OTTAWA – Today, former Liberal Cabinet Minister and current TVA journalist Jean Lapierre made shocking allegations about strategic collusion between journalists at the CBC and Liberal Members of Parliament at the House of Commons Ethics Committee.

According to Lapierre Liberal Members of Parliament asked former Prime Minister Brian Mulroney questions written by journalists at the CBC regarding any involvement in the spectrum auction for cellular and wireless devices.

“I knew all about those questions. They were written by the CBC and provided to the Liberal Members of Parliament and the questions that Pablo Rodriguez asked were written by the CBC and I can’t believe that but last night, influential Member of Parliament came to me and told me those are the questions that the CBC wants us to ask tomorrow.” (CTV Newsnet, December 13, 2007)

If proven true these allegations would mark the third major case of orchestrated anti-Conservative bias from a broadcaster that is financed by all Canadians for the benefit of all Canadians.

In 2004 an email from Stephanie Matteis of CBC’s The National exposed the CBC’s search for Canadians that would not vote for the Conservatives because they were “scared, freaked out or worried about the Conservatives, the Conservative agenda or its leader.” (http://www.smalldeadanimals.com/archives/003009.html )

The CBC was also forced on August 21, 2006 to express “regret” over a story by CBC reporter Christina Lawand that misrepresented an answer given by Conservative Prime Minister Stephen Harper. (http://www.stephentaylor.ca/archives/000645.html )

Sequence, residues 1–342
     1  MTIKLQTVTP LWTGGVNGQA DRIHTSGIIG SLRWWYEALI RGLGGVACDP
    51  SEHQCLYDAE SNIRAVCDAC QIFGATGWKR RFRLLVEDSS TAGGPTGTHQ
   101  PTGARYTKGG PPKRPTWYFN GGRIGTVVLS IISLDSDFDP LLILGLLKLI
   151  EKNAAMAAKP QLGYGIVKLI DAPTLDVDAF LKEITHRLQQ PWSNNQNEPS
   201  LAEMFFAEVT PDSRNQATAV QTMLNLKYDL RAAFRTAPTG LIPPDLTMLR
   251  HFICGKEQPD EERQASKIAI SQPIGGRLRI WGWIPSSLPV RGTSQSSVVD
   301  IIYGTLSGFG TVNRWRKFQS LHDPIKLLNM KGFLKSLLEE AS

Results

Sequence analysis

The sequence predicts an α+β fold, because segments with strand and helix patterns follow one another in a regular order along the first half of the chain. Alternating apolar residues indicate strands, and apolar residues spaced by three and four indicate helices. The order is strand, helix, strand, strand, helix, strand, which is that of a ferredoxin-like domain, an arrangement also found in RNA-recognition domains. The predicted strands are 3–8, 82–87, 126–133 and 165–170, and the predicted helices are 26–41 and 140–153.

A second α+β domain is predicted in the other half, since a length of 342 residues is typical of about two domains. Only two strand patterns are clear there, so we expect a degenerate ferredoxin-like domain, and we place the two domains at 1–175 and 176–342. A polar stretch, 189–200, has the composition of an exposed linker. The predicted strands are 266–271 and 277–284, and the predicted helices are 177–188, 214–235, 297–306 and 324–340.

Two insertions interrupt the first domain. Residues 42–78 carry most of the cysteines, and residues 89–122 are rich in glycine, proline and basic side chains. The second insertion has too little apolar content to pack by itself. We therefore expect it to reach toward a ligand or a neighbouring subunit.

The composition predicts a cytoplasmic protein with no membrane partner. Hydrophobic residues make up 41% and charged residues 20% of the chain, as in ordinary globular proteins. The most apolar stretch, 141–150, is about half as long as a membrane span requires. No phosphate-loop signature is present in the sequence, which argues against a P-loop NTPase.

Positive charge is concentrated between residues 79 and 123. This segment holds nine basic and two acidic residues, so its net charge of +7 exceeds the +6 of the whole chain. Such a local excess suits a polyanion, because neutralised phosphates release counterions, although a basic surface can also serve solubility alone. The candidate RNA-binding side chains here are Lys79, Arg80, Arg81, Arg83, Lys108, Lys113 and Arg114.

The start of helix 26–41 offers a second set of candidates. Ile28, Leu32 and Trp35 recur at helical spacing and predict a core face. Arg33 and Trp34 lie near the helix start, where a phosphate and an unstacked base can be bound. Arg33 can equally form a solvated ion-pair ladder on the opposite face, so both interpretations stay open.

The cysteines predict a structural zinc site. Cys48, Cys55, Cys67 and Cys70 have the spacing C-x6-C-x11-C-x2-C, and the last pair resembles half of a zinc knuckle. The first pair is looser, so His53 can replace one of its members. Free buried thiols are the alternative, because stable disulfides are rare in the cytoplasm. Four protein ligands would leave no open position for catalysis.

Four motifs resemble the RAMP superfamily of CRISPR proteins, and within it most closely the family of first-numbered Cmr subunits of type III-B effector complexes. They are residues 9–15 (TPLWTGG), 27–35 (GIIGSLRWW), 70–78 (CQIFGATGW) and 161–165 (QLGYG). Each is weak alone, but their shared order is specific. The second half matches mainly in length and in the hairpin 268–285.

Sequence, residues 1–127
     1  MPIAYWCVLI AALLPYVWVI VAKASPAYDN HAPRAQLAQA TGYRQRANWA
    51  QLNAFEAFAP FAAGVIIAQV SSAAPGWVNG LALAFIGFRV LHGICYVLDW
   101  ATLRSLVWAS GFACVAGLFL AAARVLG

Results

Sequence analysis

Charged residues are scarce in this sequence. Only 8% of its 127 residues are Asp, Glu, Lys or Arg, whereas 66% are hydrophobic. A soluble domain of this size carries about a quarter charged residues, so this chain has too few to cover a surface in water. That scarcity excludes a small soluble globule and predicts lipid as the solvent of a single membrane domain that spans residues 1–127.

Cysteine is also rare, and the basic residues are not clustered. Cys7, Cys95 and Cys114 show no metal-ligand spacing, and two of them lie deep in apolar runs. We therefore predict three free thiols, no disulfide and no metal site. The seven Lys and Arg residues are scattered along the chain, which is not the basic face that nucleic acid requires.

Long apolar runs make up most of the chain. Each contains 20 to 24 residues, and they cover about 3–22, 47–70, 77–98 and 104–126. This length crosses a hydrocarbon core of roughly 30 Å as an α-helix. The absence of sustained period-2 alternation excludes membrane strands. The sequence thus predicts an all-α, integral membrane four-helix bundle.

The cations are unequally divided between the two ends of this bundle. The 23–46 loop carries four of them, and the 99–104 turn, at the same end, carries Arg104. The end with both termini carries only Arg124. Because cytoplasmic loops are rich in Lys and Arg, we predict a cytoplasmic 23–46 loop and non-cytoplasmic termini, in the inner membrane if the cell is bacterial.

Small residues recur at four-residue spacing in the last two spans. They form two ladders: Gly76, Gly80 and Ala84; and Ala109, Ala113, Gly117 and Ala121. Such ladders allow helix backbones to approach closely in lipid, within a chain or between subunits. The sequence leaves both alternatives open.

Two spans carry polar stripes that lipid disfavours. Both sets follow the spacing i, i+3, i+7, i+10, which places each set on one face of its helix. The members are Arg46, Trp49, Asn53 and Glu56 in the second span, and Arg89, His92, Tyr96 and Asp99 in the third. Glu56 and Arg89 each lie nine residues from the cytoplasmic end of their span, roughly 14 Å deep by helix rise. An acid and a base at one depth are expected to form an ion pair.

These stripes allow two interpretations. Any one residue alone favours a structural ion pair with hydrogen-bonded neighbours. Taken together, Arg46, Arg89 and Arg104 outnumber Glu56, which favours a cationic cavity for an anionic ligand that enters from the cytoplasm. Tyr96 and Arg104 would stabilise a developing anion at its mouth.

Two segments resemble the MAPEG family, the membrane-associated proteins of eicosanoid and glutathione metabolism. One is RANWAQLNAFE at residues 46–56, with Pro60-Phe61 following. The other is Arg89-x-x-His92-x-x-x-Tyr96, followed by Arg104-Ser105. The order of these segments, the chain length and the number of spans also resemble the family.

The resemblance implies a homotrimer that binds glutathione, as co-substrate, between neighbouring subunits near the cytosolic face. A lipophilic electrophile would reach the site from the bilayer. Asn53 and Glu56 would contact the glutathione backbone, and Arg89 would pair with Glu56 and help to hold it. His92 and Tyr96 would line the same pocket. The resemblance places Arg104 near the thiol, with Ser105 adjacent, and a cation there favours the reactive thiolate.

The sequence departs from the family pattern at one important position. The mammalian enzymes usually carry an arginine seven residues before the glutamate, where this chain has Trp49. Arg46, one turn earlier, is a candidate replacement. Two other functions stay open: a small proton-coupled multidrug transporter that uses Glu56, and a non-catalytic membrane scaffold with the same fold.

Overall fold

“This is a very serious allegation that the CBC must provide an answer to,” said Conservative Dean Del Mastro.

- 30 -

Here is the clip:

UPDATE 12/14, 3:53pm: Just was forwarded this letter by the party. It’s addressed to the CBC Ombudsman:

Vince Carlin,
Ombudsman
CBC
P.O. Box 500, Station A
Toronto, Ontario M5W 1E6

December 14, 2007

Dear Mr. Carlin,

I am writing about allegations made by former Liberal Cabinet Minister and current TVA journalist Jean Lapierre.

According to Mr. Lapierre Liberal Members of Parliament asked former Prime Minister Brian Mulroney questions at the House of Commons Ethics Committee written (or suggested) by journalists at the CBC regarding any personal involvement in the spectrum auction for cellular and wireless devices.

“I knew all about those questions. They were written by the CBC and provided to the Liberal Members of Parliament and the questions that Pablo Rodriguez asked were written by the CBC and I can’t believe that but last night, influential Member of Parliament came to me and told me those are the questions that the CBC wants us to ask tomorrow.” (Mr. Lapierre, CTV Newsnet, December 13, 2007)